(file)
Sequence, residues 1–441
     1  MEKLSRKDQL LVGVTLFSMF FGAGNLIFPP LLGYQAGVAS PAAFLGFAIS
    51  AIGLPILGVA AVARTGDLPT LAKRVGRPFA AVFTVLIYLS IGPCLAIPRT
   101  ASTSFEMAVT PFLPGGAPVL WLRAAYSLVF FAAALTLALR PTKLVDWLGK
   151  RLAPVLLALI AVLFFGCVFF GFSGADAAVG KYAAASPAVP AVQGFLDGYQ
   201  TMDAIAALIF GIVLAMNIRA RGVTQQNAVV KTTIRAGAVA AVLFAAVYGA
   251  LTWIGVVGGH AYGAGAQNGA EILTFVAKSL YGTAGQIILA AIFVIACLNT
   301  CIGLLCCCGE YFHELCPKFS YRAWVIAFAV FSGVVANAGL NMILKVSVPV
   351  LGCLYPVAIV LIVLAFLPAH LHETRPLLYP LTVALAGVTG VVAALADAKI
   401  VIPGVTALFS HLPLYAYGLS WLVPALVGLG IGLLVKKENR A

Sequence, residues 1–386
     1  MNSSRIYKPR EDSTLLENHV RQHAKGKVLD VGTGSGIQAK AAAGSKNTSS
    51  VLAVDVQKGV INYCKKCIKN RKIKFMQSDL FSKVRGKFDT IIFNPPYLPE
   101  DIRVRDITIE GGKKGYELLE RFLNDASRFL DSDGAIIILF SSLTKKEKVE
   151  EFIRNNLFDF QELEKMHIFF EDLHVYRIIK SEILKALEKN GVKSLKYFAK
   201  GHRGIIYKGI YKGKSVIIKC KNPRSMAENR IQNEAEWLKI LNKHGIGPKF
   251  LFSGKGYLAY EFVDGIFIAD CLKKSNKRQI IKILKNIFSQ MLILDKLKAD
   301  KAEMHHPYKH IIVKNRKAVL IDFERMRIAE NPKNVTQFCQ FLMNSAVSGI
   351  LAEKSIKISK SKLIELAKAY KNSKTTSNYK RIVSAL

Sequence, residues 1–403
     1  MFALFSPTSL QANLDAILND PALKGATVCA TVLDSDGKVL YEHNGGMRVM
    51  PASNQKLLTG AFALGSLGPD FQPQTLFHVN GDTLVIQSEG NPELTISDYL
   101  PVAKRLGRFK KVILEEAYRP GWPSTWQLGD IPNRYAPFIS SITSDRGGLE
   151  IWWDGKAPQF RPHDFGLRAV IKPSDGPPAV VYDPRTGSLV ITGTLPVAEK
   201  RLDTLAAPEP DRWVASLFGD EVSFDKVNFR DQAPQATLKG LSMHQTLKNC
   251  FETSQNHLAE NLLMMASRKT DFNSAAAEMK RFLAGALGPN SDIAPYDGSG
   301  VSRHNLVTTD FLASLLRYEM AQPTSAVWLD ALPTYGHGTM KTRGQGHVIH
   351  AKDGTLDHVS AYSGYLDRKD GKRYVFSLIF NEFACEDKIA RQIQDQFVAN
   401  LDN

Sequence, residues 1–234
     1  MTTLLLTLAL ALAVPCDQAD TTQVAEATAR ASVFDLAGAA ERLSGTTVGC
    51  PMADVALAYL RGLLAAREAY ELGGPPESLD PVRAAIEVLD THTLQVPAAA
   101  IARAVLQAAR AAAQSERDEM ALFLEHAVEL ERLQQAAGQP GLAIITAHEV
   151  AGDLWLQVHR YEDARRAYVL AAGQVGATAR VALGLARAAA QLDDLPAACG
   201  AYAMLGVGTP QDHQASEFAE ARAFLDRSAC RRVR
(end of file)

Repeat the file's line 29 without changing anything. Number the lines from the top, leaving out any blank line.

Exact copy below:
   401  LDN